Education Policy | Post Primary | Preschool | Primary | Tertiary | Search

 


Calls for Another Minister To Take Decision on Future

/

MEDIA RELEASE

WEDNESDAY 12 DECEMBER

Salisbury calls for Another Minister To Take Decision On Their Future

The Salisbury Board of Trustees is pleased that the Minister of Education has confirmed that the school will remain open for 2013, however, they are calling for another Minister to take decisions on the future of the School beyond that.

Salisbury Board Chair Helen McDonnell has said that the Board is seriously concerned that the Minister of Education will not have an open mind in any decision about the school’s future.

“The Minister of Education said in the House today that Salisbury suggested a co-educational option on its site,” McDonnell says. “That is simply not true – we have been adamantly against a co-educational residential option from the time she announced this for Halswell Residential School. We suggested the possibility of two completely separate single sex schools on one large site of land, but certainly not a co-educational facility. If the Minister did not listen to us or read our submissions previously, then why should we believe she will listen to us when she considers any decision about our future.

“For a fair and legal process, we believe another Minister should be appointed to continue this decision -making process,” she says. “The Ministry of Education have been recommending Halswell as a co-educational site since May 2011, if not before, so we do not have any confidence that they will advise the Minister to seriously consider that Salisbury remains open after 2013.

“We do not believe the Minister intends to retain Salisbury after 2014; her views, and those of her Ministry’s, are clearly pre-determined. Therefore, we call on the Government to appoint another Minister to take any decisions considered to be necessary.

ENDS


© Scoop Media

 
 
 
 
 
Culture Headlines | Health Headlines | Education Headlines

 

Review: The Magic Flute - Magic Moments

Max Rashbrooke: Mozart’s The Magic Flute is an extraordinary tale, blending a story of great solemnity, of elegant music and Masonic virtue overcoming hatred and discord, with elements of extreme silliness and pure fantasy. .. More>>

ALSO:

Scoop Review Of Books: ‘Lovely Swans Of Art’

On Cillia McQueen's 'In a Slant Light': Diary-keeping forms the basis of much of this memoir – as with earlier poems – and we are led gracefully through the waves of her life as she sails through both rough and smooth waters. More>>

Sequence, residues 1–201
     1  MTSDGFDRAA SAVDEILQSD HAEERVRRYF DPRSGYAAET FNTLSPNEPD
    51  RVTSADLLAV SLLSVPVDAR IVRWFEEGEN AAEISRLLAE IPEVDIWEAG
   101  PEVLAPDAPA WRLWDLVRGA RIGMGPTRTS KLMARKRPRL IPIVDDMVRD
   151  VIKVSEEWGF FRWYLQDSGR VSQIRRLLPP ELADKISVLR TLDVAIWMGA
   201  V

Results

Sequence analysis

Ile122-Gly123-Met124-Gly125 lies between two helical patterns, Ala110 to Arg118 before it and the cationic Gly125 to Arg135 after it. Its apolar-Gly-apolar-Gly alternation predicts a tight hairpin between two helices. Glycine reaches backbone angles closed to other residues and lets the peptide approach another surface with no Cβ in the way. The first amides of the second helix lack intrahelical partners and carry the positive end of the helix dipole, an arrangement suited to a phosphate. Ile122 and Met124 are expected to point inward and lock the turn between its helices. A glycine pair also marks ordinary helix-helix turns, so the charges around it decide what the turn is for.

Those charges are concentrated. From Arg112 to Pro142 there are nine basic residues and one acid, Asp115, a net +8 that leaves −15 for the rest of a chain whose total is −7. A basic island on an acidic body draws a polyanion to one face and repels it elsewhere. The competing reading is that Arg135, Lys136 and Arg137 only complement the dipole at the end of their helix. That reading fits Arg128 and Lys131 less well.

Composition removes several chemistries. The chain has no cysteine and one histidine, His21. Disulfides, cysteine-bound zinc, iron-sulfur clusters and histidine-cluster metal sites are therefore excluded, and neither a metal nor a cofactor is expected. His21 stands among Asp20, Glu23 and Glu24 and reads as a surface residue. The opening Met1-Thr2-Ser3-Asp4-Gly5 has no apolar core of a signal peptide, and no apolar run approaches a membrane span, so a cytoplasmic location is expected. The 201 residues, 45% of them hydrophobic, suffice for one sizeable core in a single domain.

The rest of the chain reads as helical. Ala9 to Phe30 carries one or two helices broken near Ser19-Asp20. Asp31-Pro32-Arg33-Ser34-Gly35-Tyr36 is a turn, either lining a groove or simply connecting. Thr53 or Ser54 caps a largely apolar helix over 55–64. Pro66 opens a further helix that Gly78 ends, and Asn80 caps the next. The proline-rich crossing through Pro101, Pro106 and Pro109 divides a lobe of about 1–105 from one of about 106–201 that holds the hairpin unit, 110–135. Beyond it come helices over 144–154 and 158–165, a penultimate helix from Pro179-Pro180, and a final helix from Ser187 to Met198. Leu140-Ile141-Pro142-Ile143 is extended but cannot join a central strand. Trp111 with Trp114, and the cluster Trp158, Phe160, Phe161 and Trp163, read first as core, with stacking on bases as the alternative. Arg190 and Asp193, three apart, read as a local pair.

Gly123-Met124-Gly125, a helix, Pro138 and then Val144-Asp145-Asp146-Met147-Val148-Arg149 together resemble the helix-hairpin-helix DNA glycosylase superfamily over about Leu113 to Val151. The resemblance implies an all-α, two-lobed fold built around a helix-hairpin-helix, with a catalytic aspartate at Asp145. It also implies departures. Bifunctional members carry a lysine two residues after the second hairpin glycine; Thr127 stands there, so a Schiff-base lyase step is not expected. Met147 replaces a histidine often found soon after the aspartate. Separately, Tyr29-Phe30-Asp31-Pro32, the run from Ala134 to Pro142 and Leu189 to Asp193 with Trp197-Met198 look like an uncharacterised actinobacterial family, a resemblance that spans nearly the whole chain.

Scoop Review Of Books: From Here And There

Being Chinese: A New Zealander’s Story
by Helene Wong.
This is the fascinating story of Helene Wong, born in 1949 in Taihape to Chinese parents: her mother, born soon after her parents migrated here, and her father, born in China but sent to relatives in Taihape at seven to get an education in English. More>>

Chiku: Hamilton Zoo's Baby Chimpanzee Named

Hamilton Zoo has named its three-month-old baby chimpanzee after a month-long public naming competition through the popular zoo’s website. The name chosen is Chiku, a Swahili name for girls meaning "talker" or "one who chatters". More>>

Game Over: Trans-Tasman Netball League To Discontinue

Netball Australia and Netball New Zealand have confirmed that the existing ANZ Championship format will discontinue after the current 2016 season, with both organisations to form national netball leagues in their respective countries. More>>

NZSO Review: Stephen Hough Is Perfection-Plus

He took risks, and leant into the music when required. But you also felt that every moment of his playing made sense in the wider picture of the piece. Playing alongside him, the NZSO were wonderful as ever, and their guest conductor, Gustavo Gimeno, coaxed from them a slightly darker, edgier sound than I’m used to hearing. More>>

ALSO:

Howard Davis Review: King Lear At Circa

In order to celebrate it's 40th birthday, it is perhaps fitting that Circa Theatre should pick a production of 'King Lear,' since it's also somewhat fortuitously Shakespeare's 400th anniversary. If some of the more cerebral poetry is lost in Michael Hurst's streamlined, full throttle production, it's more than made up for by plenty of lascivious violence designed to entertain the groundlings. More>>

Get More From Scoop

 
 

LATEST HEADLINES

 
 
 
 
Education
Search Scoop  
 
 
Powered by Vodafone
NZ independent news